"Thailand Standard for Thai Hom Mali Rice or Thai Jasmine Rice," announced in the Royal Gazette, General Announcement Issue, volume 117, special edition 93 Ngor, dated 13 September BE 2543 (AD 2000), stipulates that the following definitions be used in the standard: 1) "Thai Hom Mali rice" or "Thai jasmine rice" means hulled, unbleached rice and raw white rice obtained from the harvested Hom Mali rice species grown in Thailand and certified by the Department of Agriculture and Cooperation, i.e., Khao Dok Mali Rice 105 species, Kor Khor 15 species, Khlong Luang 1 species, all of which possess natural fragrance, depending whether it is new or old crop. When cooked, the grains' texture becomes tender. 2) "Amylose" means a type of flour in rice grains. When cooked, the rice's tenderness depends on the quantity of amylose. 3) Other terms besides 1.1 and 1.2 shall be as defined in the Announcement of the Standard of Rice Goods, Ministry of Commerce, in regards to the Standard of Rice Goods BE 2540 (1997). ++
The Characteristics and Size of the Rice Grain: Thai Hom Mali rice grains shall possess the characteristics and size as follows: 1) General characteristic: long grain; 2) Average length without breakage: not less than 7.0 mm; 3) Average width of the full grain rice without breakage: not less than 3.0 mm. Chemical Attributes: Thai Hom Mali rice shall contain not less than 12 percent and not more than 19 percent of amylose at the 14 percent humidity level. ++
Categories of Thai Jasmine Rice: Thai Hom Mali rice shall be classified into three categories, depending on the percentage of the other rice species mixed with it: 1) Prime quality: other rice does not exceed 10 percent by weight; 2) Superb quality: other rice does not exceed 20 percent by weight; 3) Premium quality: other rice does not exceed 30 percent by weight. ++
General Stipulations: 1) White rice and unbleached rice mixed with other rice over 30 percent by weight is not classified as Thai Hom Mali rice by this Standard; 2) Humidity: The humidity of all types and classes of Thai Hom Mali rice shall not exceed 14 percent; 3) Rice sample: Any rice sample not classified in accordance with this Standard, supplied for trading purposes, shall be as the supplied sample and the agreement between the purchaser and vendor agreed upon; 4) Conflicts and issues: In case of contests or disagreements regarding the Thai Hom Mali rice quality, both parties shall forward the samples that passed the approval of the opposite party to the Department of Agriculture for examination and final ruling. ++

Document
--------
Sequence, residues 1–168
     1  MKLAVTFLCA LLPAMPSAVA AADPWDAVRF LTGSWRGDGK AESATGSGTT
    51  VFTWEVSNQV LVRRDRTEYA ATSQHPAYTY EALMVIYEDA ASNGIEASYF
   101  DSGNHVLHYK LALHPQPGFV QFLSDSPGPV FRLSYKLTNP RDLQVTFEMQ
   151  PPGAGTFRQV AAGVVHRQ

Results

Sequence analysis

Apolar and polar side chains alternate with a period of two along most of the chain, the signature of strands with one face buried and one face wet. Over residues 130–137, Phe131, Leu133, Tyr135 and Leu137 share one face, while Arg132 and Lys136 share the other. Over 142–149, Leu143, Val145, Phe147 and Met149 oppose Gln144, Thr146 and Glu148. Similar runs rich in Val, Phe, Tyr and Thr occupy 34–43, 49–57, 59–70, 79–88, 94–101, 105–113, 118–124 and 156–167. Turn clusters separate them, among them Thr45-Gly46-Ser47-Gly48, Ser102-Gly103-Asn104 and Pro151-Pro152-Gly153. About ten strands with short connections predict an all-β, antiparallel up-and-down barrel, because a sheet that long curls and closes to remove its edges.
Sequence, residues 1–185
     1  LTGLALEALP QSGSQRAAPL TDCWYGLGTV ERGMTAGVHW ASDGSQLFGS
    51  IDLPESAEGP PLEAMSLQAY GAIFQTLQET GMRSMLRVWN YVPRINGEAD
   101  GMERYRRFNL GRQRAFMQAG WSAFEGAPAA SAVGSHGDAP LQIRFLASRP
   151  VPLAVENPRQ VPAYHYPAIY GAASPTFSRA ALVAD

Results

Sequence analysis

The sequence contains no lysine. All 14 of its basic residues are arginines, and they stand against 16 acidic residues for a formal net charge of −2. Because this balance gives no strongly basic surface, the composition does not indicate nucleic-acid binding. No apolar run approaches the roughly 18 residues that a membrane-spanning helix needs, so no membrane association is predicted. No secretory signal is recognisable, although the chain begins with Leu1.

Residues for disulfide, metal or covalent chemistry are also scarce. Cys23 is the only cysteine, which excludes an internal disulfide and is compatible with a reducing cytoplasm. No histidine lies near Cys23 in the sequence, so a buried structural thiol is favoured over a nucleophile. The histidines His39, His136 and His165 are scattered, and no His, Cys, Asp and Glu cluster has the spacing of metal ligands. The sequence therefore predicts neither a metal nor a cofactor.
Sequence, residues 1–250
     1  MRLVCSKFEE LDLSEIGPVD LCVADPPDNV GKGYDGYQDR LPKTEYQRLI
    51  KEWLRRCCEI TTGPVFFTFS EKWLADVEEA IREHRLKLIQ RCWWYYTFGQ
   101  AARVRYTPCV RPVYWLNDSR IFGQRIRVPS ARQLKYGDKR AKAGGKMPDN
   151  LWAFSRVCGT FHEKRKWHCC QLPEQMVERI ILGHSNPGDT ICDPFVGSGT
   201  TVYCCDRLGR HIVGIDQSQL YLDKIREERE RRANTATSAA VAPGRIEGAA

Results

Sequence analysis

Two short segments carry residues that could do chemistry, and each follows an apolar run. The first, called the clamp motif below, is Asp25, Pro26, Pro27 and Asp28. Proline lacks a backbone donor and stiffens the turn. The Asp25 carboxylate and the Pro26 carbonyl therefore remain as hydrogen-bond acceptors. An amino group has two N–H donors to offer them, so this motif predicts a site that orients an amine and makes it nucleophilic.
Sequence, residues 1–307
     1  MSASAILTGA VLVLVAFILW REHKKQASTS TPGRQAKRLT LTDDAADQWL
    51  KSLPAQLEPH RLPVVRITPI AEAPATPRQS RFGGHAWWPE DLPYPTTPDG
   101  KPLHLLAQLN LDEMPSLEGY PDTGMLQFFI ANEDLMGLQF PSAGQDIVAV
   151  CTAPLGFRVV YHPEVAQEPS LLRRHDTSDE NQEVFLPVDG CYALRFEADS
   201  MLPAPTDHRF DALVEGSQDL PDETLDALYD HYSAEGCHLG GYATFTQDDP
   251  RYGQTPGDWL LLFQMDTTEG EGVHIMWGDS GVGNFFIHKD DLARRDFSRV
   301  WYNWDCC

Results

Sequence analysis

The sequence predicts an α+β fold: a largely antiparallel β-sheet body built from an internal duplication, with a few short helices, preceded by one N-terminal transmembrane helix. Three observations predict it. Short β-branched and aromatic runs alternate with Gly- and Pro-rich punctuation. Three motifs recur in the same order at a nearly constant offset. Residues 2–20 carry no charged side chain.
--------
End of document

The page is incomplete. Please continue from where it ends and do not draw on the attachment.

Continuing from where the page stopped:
Patents, Intellectual Property Rights and the Fragrant Rice Seal of Approval
According to the Thai government: Although Thai Hom Mali rice is a major successful export in the global market, being referred to by many different names, such as fragrant rice, Hom Mali rice, aromatic rice, or scented rice, blurs its image, and without any stipulated standard, many consumers have complained about the quality of the rice they were buying. The Department of Foreign Trade, with the approval of the Ministry of Commerce, thus developed a Seal of Approval for Thai Hom Mali rice to certify that the exported Thai Hom Mali rice under this Seal possesses the standard pursuant to the stipulation of the Ministry of Commerce. [Source: Thailand Foreign Office, The Government Public Relations Department ++]
The Hom Mali Rice Seal of Approval is round, surrounded by a Thai statement, "," and an English statement, "Thai Hom Mali Rice - Originated in Thailand - Department of Foreign Trade," with rice grains and rice plants on it. To prevent exploitation of the seal, the Department of Foreign Trade registered the seal with the Intellectual Property Rights Department, Ministry of Commerce, and in counties of Thai Hom Mali rice importers all over the world. ++
When some foreign scientists modified a species of the rice and prepared to register a patent for it, Thailand's Ministry of Commerce lodged a complaint in January 2000 with the US Federal Trade Commission in regard to the consumersu confusion and the unfairness toward Thai rice exporters, pursuant to the Federal Trade Commission Act, and it won the case. That was not the first time someone had tried to claim a plant gene from the tropical zone and ride on its reputation. There were prior, similar examples, such as the trademark of "Jasmati Rice," "Basmati Rice Patent," "Turmeric," and "Neem." Registering a patent for basmati rice and a trademark for "Jasmati Rice" indicated that Hom Mali rice was the next big target eyed by foreign companies wanting to own the gene and claim the market, because the Hom Mali rice market is even bigger than the basmati rice market. ++
Later, the Minister of Commerce, in Los Angeles, reported that the Foreign Trade Department registered the patent of "Thai Jasmine Rice" with the Intellectual Property Department but the term "jasmine rice" could not be claimed because it is a wild rice of uncertain geographical origin. The new stipulation issued by the Ministry of Commerce regarding the English seal of approval thus sported the terms "Thai Hom Mali Rice - Originated in Thailand - Department of Foreign Trade" because of the above reason, even though "jasmine rice from Thailand" is what consumers globally refer to and "jasmine rice" has been the familiar term on peopleus lips and minds for decades.
Thailand’s Rice Pledging Scheme